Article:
Venetia Sherson looks at alternative two-wheelers to enable more people to ride the Otago Central Rail Trail

The people of Ophir in Central Otago (population 50) have seen some strange sights pass through their old mining town, which borders the Otago Rail Trail.

Thousands of Mamils (middle-aged men in Lycra); parents with toddlers riding shotgun; spindly-legged septuagenarians dealing to flat tyres.

But the sight of Liz Kelly rolling into town stopped them in their tracks.


"The main reaction was probably incredulity," says Liz, a just-turned-60-year-old education consultant from Melbourne.

"There was a group of people outside the pub, pointing and laughing. But in a friendly way."

Liz is the first person to ride the trail on a Segway — the nippy, balancing scooter now favoured by tour groups in large cities. She would have preferred to ride the trail on a normal bike — like her husband — but a compression injury to her lower spine makes sitting painful.

"I'd ridden a Segway in Europe, and San Francisco where there are some very steep hills. When my husband suggested I ride one on the rail trail, I was a bit anxious, but keen." She contacted the Clyde-based company Bike It Now! and Segway on Q, a Queenstown company that specialises in Segway tours.

The Otago Rail Trail is New Zealand's oldest rail trail, and traverses 150km of dry and rocky plains and deep river gorges from Clyde to Middlemarch. There were logistical questions to be answered: would the terrain be suitable, how far would the battery take her, where could she recharge along the trail, and would standing for long distances be uncomfortable?

Segway on Q founder Kevin Hey, who has biked the trail, saw no concerns for the vehicle and Bike It Now! tour organiser Lois Mulvihill was enthusiastic.

"Liz had ridden Segways for 10 years. She was confident and keen. We thought, why not?" Lois set up a 24/7 system where Liz could contact her when her battery ran flat. The Segway was transported by trailer to her overnight accommodation, where it was recharged.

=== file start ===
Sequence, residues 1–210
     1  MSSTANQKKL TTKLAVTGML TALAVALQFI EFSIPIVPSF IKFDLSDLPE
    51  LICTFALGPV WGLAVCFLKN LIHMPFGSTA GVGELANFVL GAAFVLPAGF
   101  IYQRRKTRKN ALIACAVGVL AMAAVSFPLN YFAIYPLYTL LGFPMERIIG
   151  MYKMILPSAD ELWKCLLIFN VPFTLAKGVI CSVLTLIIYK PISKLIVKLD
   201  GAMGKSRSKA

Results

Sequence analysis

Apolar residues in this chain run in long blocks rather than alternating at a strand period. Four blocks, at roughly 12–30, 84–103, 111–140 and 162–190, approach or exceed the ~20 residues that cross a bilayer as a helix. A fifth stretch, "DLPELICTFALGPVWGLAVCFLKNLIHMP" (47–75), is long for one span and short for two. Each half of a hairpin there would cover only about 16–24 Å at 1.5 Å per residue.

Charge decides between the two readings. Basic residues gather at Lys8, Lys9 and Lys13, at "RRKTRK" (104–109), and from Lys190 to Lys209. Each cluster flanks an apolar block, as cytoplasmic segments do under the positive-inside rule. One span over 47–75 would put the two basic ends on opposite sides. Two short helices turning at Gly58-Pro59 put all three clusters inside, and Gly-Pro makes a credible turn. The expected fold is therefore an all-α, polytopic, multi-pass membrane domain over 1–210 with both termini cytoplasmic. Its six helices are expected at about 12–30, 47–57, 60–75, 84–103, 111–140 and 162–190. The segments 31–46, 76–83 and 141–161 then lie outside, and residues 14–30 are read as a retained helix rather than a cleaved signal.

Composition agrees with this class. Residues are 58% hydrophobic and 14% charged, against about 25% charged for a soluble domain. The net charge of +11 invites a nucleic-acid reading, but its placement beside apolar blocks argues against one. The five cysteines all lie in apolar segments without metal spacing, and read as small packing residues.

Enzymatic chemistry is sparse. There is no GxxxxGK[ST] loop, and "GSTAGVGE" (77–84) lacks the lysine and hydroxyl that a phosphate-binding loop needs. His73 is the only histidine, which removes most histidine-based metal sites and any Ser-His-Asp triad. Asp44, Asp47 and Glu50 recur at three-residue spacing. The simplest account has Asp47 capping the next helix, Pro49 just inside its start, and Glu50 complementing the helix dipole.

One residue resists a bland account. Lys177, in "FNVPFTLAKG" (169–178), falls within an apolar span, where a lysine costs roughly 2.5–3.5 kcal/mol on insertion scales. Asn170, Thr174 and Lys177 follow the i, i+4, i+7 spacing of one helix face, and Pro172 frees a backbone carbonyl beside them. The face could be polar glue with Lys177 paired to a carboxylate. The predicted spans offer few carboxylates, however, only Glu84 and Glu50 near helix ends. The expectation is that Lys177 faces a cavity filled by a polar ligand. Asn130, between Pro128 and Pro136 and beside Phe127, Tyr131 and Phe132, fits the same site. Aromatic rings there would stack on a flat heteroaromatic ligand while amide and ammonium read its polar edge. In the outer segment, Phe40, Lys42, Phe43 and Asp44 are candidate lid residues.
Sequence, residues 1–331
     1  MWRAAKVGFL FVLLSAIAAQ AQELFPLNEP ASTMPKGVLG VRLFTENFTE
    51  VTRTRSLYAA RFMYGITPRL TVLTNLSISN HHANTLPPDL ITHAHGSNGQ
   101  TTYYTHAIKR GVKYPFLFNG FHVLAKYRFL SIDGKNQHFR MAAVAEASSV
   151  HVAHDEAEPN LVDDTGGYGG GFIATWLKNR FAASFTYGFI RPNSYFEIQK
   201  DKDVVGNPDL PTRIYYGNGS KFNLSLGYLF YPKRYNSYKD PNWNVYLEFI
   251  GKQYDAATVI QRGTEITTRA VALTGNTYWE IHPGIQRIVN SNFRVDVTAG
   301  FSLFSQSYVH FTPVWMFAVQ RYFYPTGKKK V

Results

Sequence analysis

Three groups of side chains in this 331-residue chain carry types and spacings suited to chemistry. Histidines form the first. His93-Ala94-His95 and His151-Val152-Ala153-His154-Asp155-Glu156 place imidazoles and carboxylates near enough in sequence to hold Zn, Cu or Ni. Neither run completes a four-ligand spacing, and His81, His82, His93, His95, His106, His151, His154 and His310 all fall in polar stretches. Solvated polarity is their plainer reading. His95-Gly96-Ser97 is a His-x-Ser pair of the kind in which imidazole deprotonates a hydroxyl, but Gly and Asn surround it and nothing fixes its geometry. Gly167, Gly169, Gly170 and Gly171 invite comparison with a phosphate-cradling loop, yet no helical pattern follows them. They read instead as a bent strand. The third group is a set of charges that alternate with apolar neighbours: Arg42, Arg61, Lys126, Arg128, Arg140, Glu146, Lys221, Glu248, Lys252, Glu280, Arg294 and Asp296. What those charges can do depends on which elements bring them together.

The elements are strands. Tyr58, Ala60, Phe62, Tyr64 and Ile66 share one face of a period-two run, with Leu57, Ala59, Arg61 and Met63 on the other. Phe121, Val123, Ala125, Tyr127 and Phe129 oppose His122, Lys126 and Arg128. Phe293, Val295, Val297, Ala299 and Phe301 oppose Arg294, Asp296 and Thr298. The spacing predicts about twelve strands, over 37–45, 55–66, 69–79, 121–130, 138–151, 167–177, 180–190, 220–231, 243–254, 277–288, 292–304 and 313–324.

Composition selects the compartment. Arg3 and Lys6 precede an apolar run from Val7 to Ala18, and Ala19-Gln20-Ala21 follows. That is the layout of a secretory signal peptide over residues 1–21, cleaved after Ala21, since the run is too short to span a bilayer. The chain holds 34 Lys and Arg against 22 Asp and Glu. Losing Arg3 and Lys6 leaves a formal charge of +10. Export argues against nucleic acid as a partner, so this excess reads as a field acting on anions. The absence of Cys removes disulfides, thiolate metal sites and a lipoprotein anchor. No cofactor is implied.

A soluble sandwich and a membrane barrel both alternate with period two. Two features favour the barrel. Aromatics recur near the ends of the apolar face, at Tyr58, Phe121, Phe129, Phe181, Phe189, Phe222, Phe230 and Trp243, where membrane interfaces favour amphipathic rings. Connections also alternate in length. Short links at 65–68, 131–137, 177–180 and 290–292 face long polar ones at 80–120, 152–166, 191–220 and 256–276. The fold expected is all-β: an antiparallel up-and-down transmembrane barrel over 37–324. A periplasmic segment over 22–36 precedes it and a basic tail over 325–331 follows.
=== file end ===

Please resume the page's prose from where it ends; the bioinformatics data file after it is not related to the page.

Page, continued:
Segways have a battery life of 39km on smooth surfaces and in good weather. But the Otago Rail Trail has a mix of terrain and the weather is changeable.

"On one day, when it was cold, the battery lasted for only 21km." Her best day was 28km. She says the soft gravel was harder to navigate, but the Segway easily handled hills, bumps, bridges, tunnels and cattle stops."

She rode the trail with her husband and two university friends, who rode e-bikes. It cost her $1000, but she says it was worth every cent. "It was the most amazing experience.

The hospitality was so good and it was great to be out in the wilderness, but knowing the support was in place if there was a hiccup."

A previously "very fit" woman, Liz says she is frustrated by her injury but keen to pursue options that allow her to push her limits. "Next step might be Mt Everest. Segways are very good on hills."

Bike It Now! co-owner Kathryn Fletcher says while Liz was the first person to complete the trail on a Segway, there is an increased demand for electric bikes from people who have health issues or lack fitness. Last year, the Department of Conservation relaxed its policy to allow anyone to use power-assisted cycles, not exceeding 300 watts.

Bike It Now! has doubled its fleet of e-bikes from six to 13 to cope with the demand, particularly from those aged in their 60s and 70s. Other cycle companies have done the same. Kathryn says their oldest e-bike client was 88.

"There are three women in Alexandra, aged in their 70s, who have bought their own e-bikes after renting them. They call themselves the Battery Hens".

She says some cycling purists say e-bikes are cheating. "I come from an outdoor education background. I say the more people that can get out there, the better."

Kathryn owns an e-bike, which she refers to as The Monster. "I'm not as fit as I used to be, but I still want to get out into the hills."

E-bikes can travel up to 140km on battery and reach speeds of 25km/h, although most people ride at the same speed as pedal bikes, using the battery to only assist uphill. Recharging takes three hours, and the battery uses the same amount of power as a cellphone.

Central Otago locals Todd Sisson and Lois Mulvihill ride e-bikes on The Otago Rail Trail.
Central Otago locals Todd Sisson and Lois Mulvihill ride e-bikes on The Otago Rail Trail.


Getting there:

flies daily from Auckland to Queenstown.

Further information: For details on hiring Segways or bikes, go to and